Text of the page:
A recent Citizen column described the Fayetteville City Council meeting regarding the construction of the Fayette County QTS data center.
Located near Trilith, this project removes 615 acres of forest, replacing it with the largest data center in the world (i.e., lots of drab buildings with computers in them).
The still unanswered question is “how does this QTS data center benefit Fayette County citizens”? Or, as an official for the Development Authority put it when I asked why they support it: “Return on investment.”
Most of us moved to Fayette County for its great quality of life. We demand that our county stay that way, as reflected in every local election. On the other hand, commercial growth is key to our tax base.
But very few jobs are created by data centers, as the column states. And the column did not contain information regarding projected taxes to be paid to our local government because this is unknown. Governments usually give tremendous tax breaks, cancelling projected tax revenues. No specific public information has been released regarding these key issues.
We do know that the data center will be a negative for the environment, as well as for those living near that area. Centers consume substantial amounts of electricity to power and cool equipment. Their energy demand strains the local power grid and increases greenhouse gas emissions.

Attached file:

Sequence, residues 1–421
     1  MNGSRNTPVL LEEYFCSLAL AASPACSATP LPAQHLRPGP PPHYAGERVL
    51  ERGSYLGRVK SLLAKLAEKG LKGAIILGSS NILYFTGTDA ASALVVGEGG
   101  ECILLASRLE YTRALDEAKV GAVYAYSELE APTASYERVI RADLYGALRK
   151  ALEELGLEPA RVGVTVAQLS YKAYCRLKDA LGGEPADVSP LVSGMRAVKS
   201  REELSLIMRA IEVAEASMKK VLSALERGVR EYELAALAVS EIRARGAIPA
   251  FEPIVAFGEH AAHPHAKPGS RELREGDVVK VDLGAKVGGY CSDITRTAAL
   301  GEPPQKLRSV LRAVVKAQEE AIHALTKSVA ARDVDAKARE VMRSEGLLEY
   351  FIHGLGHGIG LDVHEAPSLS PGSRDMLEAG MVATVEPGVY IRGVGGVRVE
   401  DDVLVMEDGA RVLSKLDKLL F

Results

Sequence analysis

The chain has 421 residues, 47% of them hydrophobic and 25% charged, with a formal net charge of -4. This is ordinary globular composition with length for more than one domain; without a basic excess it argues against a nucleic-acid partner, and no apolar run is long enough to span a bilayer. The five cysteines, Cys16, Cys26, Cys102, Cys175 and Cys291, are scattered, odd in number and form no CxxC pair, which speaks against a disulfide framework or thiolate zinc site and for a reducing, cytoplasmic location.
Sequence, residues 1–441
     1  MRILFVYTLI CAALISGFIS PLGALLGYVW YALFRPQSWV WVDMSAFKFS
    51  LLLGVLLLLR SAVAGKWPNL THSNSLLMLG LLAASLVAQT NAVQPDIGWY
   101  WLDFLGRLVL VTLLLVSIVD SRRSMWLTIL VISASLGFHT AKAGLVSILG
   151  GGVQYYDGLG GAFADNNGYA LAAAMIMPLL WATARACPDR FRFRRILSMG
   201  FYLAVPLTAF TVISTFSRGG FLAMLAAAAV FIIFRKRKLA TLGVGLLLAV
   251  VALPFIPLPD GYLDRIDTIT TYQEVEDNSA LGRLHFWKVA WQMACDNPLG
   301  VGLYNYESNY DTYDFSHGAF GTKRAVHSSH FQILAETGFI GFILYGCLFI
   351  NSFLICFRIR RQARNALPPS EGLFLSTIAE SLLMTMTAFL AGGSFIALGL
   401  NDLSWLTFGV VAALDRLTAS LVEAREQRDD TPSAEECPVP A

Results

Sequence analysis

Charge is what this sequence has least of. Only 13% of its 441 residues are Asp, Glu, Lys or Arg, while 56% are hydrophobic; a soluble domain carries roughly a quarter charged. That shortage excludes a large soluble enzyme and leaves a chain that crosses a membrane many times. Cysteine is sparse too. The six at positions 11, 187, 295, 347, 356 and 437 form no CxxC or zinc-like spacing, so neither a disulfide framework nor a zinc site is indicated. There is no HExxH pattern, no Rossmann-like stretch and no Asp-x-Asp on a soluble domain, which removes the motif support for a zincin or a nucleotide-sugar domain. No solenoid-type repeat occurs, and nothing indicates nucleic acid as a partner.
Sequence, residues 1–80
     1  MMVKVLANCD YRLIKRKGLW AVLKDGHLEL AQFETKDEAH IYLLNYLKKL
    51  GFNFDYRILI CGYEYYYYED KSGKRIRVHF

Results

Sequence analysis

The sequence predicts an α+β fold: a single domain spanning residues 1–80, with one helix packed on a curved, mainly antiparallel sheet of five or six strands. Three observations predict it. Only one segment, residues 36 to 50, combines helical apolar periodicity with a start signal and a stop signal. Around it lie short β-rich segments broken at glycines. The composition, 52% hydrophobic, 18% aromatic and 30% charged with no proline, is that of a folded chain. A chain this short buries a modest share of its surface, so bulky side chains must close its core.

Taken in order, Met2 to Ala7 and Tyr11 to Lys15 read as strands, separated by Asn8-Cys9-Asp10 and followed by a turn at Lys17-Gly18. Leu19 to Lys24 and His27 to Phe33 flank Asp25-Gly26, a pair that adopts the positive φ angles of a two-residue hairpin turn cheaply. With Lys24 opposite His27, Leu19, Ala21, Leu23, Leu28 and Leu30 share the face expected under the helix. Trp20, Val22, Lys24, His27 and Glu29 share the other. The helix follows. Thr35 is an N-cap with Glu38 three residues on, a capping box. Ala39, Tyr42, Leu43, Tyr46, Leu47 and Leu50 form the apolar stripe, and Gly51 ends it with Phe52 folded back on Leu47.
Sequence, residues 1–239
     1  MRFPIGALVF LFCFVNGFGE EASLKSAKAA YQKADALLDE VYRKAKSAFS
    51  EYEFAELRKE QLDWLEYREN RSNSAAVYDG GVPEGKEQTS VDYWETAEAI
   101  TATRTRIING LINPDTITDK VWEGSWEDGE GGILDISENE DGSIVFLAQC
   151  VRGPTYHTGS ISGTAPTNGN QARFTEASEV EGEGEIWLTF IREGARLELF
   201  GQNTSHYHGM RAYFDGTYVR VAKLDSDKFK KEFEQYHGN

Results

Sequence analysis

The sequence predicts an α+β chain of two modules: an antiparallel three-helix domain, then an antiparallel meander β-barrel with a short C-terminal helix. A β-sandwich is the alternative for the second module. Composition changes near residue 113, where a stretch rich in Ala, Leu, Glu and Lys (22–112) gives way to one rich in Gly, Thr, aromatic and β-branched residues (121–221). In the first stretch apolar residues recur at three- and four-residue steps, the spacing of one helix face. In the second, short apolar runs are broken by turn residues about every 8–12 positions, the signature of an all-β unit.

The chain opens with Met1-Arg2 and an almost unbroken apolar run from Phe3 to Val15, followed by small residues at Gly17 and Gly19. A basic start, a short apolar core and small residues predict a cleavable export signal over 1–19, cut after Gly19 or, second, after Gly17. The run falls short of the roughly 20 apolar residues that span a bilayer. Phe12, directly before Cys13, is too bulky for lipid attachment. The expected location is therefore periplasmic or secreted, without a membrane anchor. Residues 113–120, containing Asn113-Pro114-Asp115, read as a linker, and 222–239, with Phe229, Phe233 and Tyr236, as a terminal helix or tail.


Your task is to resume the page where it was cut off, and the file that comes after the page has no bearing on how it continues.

These facilities require substantial amounts of water for cooling purposes. High data center usage exacerbates water scarcity problems. What guarantees do we have that water will be recycled? Will we have shortages here, as they have elsewhere with data centers?
Another aspect is the electronic waste generated by data centers. How will QTS be handling the recycling/disposal issue in Fayette County?
Despite these environmental issues, is this project right for our county? We must know what tax revenue this project will generate… after tax breaks. Exactly how many jobs are created?
Our political leaders and the QTS project itself must also be more forthcoming regarding their plans to protect homeowners and our environment. It is unacceptable to have a project of this size with so many unknowns.
Peachtree, City, Ga.